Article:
%> Granville Family Pharmacy
Your Local Pharmacist is

Morris Morcos

1 60 South St
Granville NSW 2142
ph: (02) 9637 5765
fax: (02) 9682 6368

Subscribe to Health eNews:

for:

  • health updates
  • lifestyle tips
  • urgent health alerts
  • product reviews

Email:

:: In Brief

Click here to download the specials catalogue


Click here to find out more about what's in your medicine



Find out about the changes to the PBS Safety Net

 Find out about the benefits of pampering yourself



:: Worms

Healthy Children & Teens - Worms - Threadworms - Pinworms
  Healthy Children & Teens
  Worms

There are many types of worms found in children.  The most common are Threadworms.  Threadworms are tiny, very thin white worms up to 13 millimetres long that live in the intestine and around the anus (bottom). They are also called pinworms. They look like small threads of white cotton, hence their name. They are widespread in Australia. Although people of any age can get them, children are the most susceptible.

Where do they come from?
Threadworms produce large numbers of microscopic eggs. These eggs are present in house dust and stick to clothes, carpets and bedding. They can also be transmitted through contact with a person who is already infected with worms. It is very easy for people to ingest the eggs because the worms produce so many of them and they are so small.

After the eggs have been ingested they pass into a person’s small intestine (bowel) where they hatch and mature. A few weeks after hatching out these worms can reproduce — usually about a month later. When the worms are fully grown, the female comes out onto the skin around the bottom at night and lays eggs. At this time, symptoms may develop, including the classic one of a severe ‘itchy bottom’. The worms can also often be seen on bowel movements or around the anus especially at night.
 

Signs & Symptoms

Some children have no symptoms at all, but some of the other signs of threadworm infection your child may show are:

  • Itchy bottom, especially at night
  • Tiredness
  • Disturbed sleep
  • Teeth grinding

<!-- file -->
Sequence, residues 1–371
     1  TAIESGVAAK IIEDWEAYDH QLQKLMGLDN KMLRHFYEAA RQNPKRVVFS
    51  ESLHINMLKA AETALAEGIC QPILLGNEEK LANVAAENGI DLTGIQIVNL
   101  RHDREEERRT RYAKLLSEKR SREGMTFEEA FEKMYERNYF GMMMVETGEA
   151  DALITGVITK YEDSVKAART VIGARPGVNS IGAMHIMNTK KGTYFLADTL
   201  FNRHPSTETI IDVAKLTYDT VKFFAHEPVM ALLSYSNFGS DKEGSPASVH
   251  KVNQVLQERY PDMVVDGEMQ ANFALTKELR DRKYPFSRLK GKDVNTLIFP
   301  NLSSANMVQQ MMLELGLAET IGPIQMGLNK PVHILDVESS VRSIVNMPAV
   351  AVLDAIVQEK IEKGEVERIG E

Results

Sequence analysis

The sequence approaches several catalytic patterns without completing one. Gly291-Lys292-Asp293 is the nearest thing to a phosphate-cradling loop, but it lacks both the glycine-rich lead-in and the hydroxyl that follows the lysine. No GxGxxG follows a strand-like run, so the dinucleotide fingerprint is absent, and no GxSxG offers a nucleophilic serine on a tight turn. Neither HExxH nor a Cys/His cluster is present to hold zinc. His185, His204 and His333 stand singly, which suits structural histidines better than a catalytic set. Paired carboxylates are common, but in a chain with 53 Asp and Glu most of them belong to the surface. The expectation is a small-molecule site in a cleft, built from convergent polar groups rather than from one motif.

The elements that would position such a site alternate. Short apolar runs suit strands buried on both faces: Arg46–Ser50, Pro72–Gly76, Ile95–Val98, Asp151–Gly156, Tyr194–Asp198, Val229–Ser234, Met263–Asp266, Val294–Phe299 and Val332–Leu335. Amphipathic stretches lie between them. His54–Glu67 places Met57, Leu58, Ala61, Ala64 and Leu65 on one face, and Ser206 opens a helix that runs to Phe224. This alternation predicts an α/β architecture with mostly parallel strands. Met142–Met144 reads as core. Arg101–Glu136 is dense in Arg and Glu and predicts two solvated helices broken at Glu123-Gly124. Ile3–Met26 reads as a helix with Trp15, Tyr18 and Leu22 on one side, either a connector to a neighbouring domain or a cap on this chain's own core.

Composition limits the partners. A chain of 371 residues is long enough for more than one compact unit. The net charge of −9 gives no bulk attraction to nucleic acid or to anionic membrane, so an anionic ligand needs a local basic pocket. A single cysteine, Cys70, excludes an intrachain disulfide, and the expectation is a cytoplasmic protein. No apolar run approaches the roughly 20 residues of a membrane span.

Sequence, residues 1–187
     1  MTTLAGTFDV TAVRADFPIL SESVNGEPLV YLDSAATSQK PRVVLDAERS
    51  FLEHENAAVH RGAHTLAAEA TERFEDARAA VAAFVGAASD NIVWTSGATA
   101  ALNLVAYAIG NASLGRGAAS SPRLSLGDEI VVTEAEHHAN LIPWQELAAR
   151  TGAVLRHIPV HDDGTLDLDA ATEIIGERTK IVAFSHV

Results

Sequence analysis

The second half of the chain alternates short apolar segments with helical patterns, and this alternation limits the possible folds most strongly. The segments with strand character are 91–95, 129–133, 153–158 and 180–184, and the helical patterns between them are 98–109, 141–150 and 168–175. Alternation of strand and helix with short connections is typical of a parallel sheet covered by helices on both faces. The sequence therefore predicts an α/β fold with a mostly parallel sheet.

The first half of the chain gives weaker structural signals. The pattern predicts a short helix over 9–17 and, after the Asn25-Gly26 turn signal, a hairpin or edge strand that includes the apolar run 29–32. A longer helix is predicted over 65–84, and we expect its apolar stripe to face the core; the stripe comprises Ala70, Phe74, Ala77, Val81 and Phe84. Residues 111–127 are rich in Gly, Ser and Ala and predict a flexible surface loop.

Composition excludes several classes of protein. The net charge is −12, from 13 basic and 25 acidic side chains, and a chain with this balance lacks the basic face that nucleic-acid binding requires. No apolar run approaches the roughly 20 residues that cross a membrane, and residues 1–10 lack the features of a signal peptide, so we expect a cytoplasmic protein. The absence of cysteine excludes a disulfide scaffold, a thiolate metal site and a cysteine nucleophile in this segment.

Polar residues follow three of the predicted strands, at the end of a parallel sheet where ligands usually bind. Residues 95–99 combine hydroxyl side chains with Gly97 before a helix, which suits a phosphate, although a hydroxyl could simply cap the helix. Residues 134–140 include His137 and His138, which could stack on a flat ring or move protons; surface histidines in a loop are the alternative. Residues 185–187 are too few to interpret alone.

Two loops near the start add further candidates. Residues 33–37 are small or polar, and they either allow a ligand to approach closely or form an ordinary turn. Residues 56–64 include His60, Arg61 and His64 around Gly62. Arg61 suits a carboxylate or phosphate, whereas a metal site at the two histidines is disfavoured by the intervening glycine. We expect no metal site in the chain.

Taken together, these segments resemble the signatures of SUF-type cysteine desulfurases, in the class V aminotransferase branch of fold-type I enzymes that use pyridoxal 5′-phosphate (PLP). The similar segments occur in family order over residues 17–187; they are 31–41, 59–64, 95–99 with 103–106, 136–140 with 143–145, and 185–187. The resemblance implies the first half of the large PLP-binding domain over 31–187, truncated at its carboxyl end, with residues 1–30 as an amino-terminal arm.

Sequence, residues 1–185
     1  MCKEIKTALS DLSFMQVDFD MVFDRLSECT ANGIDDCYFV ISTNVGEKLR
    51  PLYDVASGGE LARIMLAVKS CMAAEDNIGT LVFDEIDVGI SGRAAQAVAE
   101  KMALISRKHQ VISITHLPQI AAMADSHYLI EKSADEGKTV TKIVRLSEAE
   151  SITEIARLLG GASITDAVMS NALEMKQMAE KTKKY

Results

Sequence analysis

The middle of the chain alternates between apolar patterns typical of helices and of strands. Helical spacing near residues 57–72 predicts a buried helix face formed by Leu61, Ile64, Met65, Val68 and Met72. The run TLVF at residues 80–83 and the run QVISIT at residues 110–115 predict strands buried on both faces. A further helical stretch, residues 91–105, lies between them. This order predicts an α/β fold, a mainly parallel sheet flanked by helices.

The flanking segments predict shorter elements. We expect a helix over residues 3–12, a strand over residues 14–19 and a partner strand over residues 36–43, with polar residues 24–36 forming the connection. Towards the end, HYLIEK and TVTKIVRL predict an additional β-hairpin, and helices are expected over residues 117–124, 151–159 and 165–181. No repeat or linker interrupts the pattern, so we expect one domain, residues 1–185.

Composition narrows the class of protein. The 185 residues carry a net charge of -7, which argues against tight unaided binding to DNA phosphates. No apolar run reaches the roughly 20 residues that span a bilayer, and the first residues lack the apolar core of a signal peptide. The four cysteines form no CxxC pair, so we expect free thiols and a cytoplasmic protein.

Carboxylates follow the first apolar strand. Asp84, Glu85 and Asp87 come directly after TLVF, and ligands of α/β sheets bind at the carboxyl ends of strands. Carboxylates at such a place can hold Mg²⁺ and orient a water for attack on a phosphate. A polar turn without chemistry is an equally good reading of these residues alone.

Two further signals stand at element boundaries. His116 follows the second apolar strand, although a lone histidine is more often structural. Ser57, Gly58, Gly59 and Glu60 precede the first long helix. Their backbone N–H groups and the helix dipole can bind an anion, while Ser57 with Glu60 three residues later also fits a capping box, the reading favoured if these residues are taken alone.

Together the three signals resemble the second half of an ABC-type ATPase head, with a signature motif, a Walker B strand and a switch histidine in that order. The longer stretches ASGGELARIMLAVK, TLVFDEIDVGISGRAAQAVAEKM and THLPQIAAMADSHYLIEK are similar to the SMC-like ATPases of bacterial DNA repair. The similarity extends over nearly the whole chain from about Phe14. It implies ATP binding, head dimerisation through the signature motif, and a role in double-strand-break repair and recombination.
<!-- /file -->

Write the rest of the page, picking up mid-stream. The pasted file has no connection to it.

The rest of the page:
• Feeling unwell
  • Bedwetting
  • Nose rubbing
  • Loss of appetite

Medication

Medication is available to kill the worms and this is usually prescribed for the person who is infected and all other members of the household. Usually, one dose is followed up with a second dose two weeks later to take care of any surviving worms.

Zinc cream or mild antiseptic cream used around the bottom at night and in the morning can help with itching.

Treatment

Threadworms do not go away by themselves, and people do not build up immunity to them, so they must be treated in order to eradicate them totally from the body.

Suggestions to treat and prevent another infection include:

  • All family members should wash their hands and nails thoroughly with soap and water, particularly after going to the toilet, after changing nappies, before preparing food and before eating food
  • Discourage scratching of the bottom and nail biting
  • Keep fingernails short
  • Wash all sheets, bed linen, pyjamas and sleepwear in hot water to kill any pinworm eggs
  • Shower rather than bathe for several days after treatment, to dislodge any remaining eggs from the anal region
  • Snug underpants fitted to children at night may make it harder to scratch, therefore reducing the risk of eggs transferring to fingers
  • Clean the toilet seat regularly with disinfectant (remember to store the disinfectant out of reach of children)
  • All family members should take the medication, regardless of whether they are experiencing symptoms

Further Information:

Ask Your Pharmacist about:

  • how to treat worms
  • tablets and medicines to kill worms 

Back to Top

Printer Friendly